“Setting the commission’s findings aside means that they cannot be relied on by those accused of corruption to clear their name, either in public or before the courts,” the organisations said, adding that this would have a bearing on Zuma’s defence of corruption charges related to the arms deal.

In addition, they said, a written judgment in this case means the creation of jurisprudence about how a commission of inquiry must go about doing its job properly. “It will, hopefully, create a very clear framework and set of directions about how commissions of inquiry must conduct their investigations rigorously and with an open-mind. This is very important in South Africa, which appoints a large number of such commissions. “

Application for condonation denied

Mlambo castigated the applicants for the “excessive delay” in applying for leave to appeal. Seriti and Musi chose not to challenge the High Court’s 2019 judgment and only reacted when a complaint of gross misconduct was brought to the Judicial Services Commission (JSC) in April 2021 – 21 months later. Yet another four months elapsed after receiving the complaint before the pair filed their application for leave to appeal.

“The delay in applying for leave to appeal is clearly excessive, i.e. more than two years, and thus it behoves the applicants to provide a plausible and justifiable reason for this Court granting condonation for the excessive delay

Seriti and Musi explained the delay as follows: they had to consult and prepare a 149-page response to the “voluminous complaint” – which in fact comprised 52 pages. They devoted considerable time to preparing for the JSC hearing on 2 July 2021 and could not attend to the application for leave to appeal before that hearing commenced. They also needed time to consult with counsel and obtain advice concerning the prospects of success of the application.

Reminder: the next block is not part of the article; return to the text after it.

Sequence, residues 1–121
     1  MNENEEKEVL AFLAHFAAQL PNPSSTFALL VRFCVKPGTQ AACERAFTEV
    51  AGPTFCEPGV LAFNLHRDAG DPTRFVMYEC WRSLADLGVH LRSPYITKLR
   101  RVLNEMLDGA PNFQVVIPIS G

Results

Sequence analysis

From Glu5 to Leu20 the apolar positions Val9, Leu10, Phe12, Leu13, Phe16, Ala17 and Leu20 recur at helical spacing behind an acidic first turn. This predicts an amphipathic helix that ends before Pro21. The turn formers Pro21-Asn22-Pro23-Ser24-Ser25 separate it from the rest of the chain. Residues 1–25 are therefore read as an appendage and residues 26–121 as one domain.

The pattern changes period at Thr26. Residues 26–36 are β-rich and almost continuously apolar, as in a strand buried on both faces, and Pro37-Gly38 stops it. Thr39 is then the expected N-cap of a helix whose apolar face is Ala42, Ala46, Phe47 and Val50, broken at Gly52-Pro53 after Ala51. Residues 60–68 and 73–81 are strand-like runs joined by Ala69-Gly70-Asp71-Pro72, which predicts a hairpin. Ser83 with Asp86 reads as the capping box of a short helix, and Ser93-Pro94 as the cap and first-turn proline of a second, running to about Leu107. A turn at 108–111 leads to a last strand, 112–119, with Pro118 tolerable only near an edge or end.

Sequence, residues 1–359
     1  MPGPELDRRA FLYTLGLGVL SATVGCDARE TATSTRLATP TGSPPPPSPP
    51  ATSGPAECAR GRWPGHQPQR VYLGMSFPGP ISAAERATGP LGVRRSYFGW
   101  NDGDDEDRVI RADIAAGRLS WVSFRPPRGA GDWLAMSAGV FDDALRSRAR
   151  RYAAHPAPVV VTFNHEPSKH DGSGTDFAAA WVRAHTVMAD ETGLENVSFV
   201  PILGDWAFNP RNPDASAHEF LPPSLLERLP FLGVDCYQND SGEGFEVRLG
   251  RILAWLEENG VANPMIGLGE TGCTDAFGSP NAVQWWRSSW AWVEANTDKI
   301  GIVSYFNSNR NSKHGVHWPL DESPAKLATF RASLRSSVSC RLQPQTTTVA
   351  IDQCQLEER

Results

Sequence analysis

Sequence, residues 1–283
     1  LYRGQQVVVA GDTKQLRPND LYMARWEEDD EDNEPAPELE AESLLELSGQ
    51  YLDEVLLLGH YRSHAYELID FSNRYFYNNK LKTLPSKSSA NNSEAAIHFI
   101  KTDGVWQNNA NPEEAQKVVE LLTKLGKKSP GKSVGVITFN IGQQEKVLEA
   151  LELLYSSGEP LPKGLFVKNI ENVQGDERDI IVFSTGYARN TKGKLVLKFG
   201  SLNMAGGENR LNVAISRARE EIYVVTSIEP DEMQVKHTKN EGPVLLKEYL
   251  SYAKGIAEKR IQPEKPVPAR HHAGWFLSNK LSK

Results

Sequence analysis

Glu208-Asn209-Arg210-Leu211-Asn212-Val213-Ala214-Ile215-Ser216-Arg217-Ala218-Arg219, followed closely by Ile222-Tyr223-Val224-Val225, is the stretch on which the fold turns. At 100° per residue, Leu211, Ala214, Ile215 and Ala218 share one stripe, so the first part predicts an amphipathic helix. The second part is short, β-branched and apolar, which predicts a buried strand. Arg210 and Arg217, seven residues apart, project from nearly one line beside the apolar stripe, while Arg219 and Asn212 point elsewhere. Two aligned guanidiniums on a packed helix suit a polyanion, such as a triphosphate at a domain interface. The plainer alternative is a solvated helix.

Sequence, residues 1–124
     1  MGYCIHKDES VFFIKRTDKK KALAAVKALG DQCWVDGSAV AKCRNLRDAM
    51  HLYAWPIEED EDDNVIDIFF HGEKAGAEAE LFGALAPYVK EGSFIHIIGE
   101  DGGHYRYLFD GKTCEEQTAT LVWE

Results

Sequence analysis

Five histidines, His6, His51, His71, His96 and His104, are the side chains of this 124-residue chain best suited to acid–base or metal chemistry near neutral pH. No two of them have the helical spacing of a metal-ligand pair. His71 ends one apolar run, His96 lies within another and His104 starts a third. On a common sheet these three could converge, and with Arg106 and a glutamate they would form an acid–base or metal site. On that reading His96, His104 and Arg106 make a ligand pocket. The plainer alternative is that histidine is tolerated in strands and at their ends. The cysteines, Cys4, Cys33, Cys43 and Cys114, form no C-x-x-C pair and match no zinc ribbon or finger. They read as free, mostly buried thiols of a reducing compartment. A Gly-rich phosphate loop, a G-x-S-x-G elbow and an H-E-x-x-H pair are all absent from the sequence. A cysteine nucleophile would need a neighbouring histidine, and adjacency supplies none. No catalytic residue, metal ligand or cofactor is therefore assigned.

Citing paragraph 31 of Van Wyk v Unitas Hospital and Another, Mlambo explained the principle of finality and litigation, in which after a long delay, a litigant may have cause to assume that the losing party has accepted the finality of the order and does not intend to pursue the matter any further. This allows parties to get on with their lives.

“It follows that, notwithstanding the submissions about being in the interests of justice to grant condonation, it is clear that this application for leave to appeal would never have been lodged had it not been for the complaint lodged before the JSC. There lies the rub.”

Regarding the prospects of success, Mlambo said that even if the court was inclined to be “excessively generous”, the applicants had not presented any convincing argument.

“To the extent that prospects of success may tilt the balance in favour of the applicants, the evidence placed before this Court and which would be the record on appeal provides no basis by which there are reasonable prospects that another court might differ from the order granted by this Court.”

The application for leave to appeal was accordingly dismissed with costs, including the costs of two counsel.